Falling down is just part of the job


It shouldn’t be surprising that the best pole vaulter in Prince William County is named Logan Skidmore. The Woodbridge senior is a bit of a daredevil and he has the scars to prove it.

While attempting to vault, he’s fallen on grass, the runway and even off a street curb although he admits that particular time was just sheer stupidity on his part.

“You got to practice your steps on the runway to make sure your measurements are right and when it’s nasty outside, we go in the bus tunnel and we do it in there,” Skidmore said. “We lay out the measuring tape and we have a wooden mock box that we can plant into it, and it just slides when you plant. I was just doing a drill…I just bent it [the pole] too much and it picked me up off the ground about five feet, leveled me out and slammed me down on my back.”

Fortunately, Skidmore has never suffered a serious injury in three plus years of vaulting just marks on his back that show where he’s landed on occasion.

“I got all this stuff on my lower back, pock mark-type things,” Skidmore said of his vaulting mishaps.

Growing up in Nuremberg, Germany as a military brat, Skidmore cultivated his no-fear attitude at a very young age. He’s skied in competitions and has burned up slopes all over Western Europe and the East Coast.

“I have always been into athletic stuff, I’ve skied since I was two years old,” Skidmore said. “That’s the one thing that I am the best at and enjoy the most. …You can push yourself harder in everything you do, the same with pole vaulting. It’s just a reality, you’re gonna hurt yourself. It’s a difficult and not a very safe sport.”

Skidmore first had some success his sophomore year, winning the eight-team Cardinal District indoor meet at Gar-Field with a leap of 9 feet, 6 inches. Ironically, that same year was also the most frustrating one for him. After picking up the sport quickly as a freshman, Skidmore felt like he wasn’t performing like he should have been as a sophomore.

“My sophomore year, I guess I was kind of in a slump,” Skidmore said. “I picked it up pretty quickly my freshman year. I was jumping nine feet and I had a few bright points, like 10 feet, I guess. But I wasn’t getting any higher [sophomore year]. It was like I reached a plateau and I couldn’t get over it.”

His junior season, Skidmore climbed up to 11-0 to win the indoor district title. However, it was a track camp at Centreville High School last summer that really got him over the hump. What was initially supposed to be just a one-week learning session became three weeks, and Skidmore walked out a much-improved vaulter.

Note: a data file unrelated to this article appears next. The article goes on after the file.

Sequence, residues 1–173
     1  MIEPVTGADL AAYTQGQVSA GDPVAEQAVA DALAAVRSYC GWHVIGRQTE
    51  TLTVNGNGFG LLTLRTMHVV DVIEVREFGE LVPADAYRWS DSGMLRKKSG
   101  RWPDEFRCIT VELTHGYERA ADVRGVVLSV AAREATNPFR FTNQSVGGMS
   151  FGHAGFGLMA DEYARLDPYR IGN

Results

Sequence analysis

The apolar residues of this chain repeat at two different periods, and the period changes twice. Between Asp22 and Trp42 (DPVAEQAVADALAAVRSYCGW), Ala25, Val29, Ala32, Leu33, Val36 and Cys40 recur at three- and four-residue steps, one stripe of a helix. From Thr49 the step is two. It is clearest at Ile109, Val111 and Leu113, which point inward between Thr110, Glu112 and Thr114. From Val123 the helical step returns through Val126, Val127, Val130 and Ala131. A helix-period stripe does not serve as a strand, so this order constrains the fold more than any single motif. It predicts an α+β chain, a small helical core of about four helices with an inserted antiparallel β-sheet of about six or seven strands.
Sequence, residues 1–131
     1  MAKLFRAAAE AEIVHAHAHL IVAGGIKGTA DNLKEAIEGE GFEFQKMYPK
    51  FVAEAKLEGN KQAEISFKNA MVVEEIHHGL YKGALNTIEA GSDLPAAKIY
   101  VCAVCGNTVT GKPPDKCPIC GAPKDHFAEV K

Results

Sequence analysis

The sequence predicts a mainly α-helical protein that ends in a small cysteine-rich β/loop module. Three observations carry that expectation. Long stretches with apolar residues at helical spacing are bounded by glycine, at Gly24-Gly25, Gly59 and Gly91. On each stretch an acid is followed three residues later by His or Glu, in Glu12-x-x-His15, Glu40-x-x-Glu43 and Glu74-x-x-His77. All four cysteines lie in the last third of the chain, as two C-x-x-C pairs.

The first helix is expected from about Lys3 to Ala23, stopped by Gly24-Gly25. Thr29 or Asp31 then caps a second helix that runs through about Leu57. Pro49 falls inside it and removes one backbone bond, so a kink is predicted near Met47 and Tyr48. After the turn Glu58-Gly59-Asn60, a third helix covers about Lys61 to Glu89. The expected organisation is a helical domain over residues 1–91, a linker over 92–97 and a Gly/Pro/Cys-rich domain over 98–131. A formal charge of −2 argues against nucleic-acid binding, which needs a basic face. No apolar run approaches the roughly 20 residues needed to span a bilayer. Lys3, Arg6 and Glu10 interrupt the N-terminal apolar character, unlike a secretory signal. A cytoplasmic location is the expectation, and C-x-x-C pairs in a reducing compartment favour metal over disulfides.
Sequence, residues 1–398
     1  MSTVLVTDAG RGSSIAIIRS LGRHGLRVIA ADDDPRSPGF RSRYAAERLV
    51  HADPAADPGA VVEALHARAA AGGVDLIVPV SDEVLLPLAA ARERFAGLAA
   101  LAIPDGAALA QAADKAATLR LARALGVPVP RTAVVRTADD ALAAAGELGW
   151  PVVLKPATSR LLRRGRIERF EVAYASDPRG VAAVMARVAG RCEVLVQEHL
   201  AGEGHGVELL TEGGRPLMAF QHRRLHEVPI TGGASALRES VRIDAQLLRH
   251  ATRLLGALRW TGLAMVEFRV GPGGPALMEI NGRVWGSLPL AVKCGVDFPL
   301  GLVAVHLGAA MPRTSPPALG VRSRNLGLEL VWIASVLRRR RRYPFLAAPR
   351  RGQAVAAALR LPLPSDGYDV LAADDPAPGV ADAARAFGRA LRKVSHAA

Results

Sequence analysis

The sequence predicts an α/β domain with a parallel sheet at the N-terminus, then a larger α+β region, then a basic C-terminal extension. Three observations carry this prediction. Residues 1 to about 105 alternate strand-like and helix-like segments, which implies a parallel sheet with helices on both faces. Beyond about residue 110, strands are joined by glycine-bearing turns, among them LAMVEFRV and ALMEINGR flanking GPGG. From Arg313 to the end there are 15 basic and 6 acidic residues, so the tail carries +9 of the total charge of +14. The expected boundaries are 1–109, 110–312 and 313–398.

By the end of the camp, he was vaulting 14 feet. This winter, he has consistently vaulted 12-6 despite the fact that poor weather has given him grossly inefficient practice time.

“He [the camp director] was doing the drills and stuff with us,” Skidmore said. “We could not only hear it but see it…That was a really good experience for me. I was jumping with guys who really knew what they were doing. The [2002 outdoor] state champion is from Centreville, so I got to watch him jump a little bit.”

In February, Skidmore won the Cardinal District meet with a 12-6 and went 12-0 to finish second in the region meet behind Kevin Lyles of E.C. Glass. Skidmore is hoping to win at least a region championship this spring and his vault coach, Jim Rodgers, has no doubt that the workaholic Skidmore is capable of doing just that.

“Outdoor were gonna shoot for 14 feet because I think he should be jumping 13 feet consistently,” said Rodgers, who joked that he has to run Skidmore off the track because of his desire to go even higher.

Vaulting 14 feet would have put Skidmore in third place at this year’s indoor state meet. And that’s not too shabby for a former cross country runner who initially thought the event was a bit too strange for his tastes.

“It didn’t make any sense at first,” Skidmore said. “How am I, with a 14-foot-long pole, gonna run down the runaway and do all this? It just didn’t make any sense. …But you can break it down into the different steps and once you kind of take care of them all, you can put them together.”

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